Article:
Get hooked on A&E's 'Intervention'
‘Tis the season for turning down the lights and curling up on my sofa with a hot cup of tea…and then spilling it all over my pajamas as I literally wring my hands over a new episode of Intervention on A&E. (The dramatic documentary series premiered its fourth season on Monday with the story of Emily, an anorexic identical twin with bizarre eating and workout rituals, whose sisters beg her to try treatment for the third time).
If you’ve never tuned in, let me warn you: entertaining is not exactly the word for this show. But just try to look away as cameras follow Sylvia, the formerly well-to-do interior designer with the Southern accent of a debutante who ducks into her car to chug miniature (easier to hide) bottles of booze; or Jessica, the addict who binges on heroin as soon as she wakes up; or Leslie, the onetime mother-of-the-year type in Tulsa who guzzles gallons of store brand mouthwash (“this…helps me… get drunk”) despite her kids’ and ex-husbands’ efforts to keep her sober for a court date.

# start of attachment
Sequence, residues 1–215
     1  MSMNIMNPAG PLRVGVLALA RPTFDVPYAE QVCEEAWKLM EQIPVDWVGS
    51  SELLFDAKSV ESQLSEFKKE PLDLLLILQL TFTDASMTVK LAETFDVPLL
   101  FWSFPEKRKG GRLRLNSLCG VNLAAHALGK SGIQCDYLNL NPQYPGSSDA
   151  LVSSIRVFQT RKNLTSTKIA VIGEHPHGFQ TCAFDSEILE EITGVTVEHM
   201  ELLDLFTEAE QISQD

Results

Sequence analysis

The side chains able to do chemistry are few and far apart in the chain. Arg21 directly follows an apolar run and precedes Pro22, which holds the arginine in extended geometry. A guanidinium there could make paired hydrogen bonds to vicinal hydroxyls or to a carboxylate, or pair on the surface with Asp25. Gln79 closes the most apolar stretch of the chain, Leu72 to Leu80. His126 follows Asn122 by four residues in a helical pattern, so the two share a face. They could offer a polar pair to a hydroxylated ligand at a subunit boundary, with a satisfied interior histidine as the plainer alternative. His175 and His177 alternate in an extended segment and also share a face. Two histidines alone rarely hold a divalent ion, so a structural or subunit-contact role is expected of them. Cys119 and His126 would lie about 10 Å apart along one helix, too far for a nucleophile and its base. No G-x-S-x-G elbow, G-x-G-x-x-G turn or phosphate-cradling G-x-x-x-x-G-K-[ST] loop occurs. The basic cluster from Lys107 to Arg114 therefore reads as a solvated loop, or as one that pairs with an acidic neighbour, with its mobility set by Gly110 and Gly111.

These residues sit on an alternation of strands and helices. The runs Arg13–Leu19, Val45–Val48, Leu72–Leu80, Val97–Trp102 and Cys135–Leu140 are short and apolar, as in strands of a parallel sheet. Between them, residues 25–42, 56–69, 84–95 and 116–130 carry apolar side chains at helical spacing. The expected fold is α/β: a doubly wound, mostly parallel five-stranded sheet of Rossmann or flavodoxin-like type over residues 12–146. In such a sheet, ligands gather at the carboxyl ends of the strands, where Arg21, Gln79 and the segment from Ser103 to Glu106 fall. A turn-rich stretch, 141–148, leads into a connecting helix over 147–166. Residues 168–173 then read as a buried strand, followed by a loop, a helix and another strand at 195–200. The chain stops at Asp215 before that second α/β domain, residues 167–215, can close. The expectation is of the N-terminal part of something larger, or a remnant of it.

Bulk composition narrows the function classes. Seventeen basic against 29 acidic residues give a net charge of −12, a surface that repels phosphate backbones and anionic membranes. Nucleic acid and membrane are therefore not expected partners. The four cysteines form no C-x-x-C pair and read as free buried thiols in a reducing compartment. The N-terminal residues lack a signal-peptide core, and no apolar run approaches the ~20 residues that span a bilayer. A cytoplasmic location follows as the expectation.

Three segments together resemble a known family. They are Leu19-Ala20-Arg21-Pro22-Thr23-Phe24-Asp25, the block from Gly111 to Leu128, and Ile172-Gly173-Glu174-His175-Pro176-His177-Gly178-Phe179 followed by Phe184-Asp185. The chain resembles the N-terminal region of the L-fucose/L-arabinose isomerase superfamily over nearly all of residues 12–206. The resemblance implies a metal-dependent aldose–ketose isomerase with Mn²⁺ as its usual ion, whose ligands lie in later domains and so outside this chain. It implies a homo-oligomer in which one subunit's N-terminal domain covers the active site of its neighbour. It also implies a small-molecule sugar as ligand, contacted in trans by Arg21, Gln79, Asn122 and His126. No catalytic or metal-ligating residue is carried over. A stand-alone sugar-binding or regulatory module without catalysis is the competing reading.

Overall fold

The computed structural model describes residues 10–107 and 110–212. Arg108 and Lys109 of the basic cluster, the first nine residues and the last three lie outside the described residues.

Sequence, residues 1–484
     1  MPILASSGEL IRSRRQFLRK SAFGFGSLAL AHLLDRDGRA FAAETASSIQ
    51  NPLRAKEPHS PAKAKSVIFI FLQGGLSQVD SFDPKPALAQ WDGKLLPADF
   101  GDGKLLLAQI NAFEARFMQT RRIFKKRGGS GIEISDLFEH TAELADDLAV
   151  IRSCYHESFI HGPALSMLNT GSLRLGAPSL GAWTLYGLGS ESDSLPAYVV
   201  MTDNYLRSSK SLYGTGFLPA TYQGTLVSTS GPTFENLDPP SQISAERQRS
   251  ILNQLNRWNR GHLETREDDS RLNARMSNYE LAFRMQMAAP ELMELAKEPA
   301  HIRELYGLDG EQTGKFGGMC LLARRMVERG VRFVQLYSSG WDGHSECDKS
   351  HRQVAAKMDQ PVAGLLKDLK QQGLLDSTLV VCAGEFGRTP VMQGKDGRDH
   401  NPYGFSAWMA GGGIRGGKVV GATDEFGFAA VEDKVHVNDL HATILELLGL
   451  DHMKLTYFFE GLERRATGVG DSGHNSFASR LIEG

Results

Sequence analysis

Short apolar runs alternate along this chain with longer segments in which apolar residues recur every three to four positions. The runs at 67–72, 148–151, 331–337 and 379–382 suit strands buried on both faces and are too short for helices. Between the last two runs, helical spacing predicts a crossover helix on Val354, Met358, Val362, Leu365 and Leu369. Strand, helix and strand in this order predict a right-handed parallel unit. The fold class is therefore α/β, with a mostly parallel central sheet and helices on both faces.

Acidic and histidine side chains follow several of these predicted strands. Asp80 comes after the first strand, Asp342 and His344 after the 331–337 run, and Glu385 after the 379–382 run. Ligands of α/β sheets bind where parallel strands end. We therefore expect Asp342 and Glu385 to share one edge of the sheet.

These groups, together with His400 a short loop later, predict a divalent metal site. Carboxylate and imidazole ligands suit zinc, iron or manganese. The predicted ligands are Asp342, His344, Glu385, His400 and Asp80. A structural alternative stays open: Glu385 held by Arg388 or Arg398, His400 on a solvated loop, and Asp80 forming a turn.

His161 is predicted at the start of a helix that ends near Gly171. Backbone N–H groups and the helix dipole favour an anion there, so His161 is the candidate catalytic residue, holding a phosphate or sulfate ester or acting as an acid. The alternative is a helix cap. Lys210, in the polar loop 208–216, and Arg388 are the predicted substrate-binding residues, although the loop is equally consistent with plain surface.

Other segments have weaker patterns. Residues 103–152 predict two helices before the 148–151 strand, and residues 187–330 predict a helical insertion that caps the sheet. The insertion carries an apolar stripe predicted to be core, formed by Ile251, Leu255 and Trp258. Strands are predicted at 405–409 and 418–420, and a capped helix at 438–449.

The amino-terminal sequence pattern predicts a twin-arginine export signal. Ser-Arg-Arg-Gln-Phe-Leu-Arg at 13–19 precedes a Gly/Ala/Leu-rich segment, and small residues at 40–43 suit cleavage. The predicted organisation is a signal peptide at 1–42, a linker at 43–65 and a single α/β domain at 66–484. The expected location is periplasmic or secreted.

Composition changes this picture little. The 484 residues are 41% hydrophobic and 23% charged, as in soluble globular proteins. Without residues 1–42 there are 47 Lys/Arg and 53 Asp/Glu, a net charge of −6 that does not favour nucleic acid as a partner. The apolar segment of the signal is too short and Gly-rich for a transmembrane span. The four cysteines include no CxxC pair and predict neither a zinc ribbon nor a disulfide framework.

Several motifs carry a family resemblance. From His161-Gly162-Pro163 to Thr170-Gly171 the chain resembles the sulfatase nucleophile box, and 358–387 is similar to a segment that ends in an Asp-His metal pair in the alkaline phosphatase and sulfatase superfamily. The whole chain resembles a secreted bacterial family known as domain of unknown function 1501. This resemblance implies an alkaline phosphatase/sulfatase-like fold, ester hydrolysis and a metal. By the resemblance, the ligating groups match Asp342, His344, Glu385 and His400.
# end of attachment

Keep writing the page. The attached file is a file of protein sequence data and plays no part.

If you’ve seen episodes past, you know that the set-up (some argue that it literally is a set-up), as explained to viewers, is that the subjects have agreed to be in a filmed project about addiction, but don’t know that an intervention and rehab offer is coming. The show’s formula plays out with unflinching footage of the addict’s shockingly self-destructive habits and loved ones describing their feelings of helplessness, before an “intervention specialist” moderates the tense meeting where the addict is always given an ultimatum: agree to enter treatment today, or else (and here the relatives pledge immediate consequences). Is this exploitative? Probably. Is it riveting? Absolutely. The show starts, and I can barely blink or budge till it ends (and it always ends with a brief, frequently gasp-inducing followup narrative to let us know whether the addict recovered or relapsed).
Why I’m so compelled to watch people this troubled hit bottom—and I don’t mean celebrities hooked on substances and hair extensions and teasing the paparazzi, I mean regular people who make regular incomes (or at least it seems they had regular incomes until booze or smack or barfing or coke took over)—is a mystery to me. I only know that Intervention is very, very addictive. If any Popwatchers out there have seen the show, would you agree?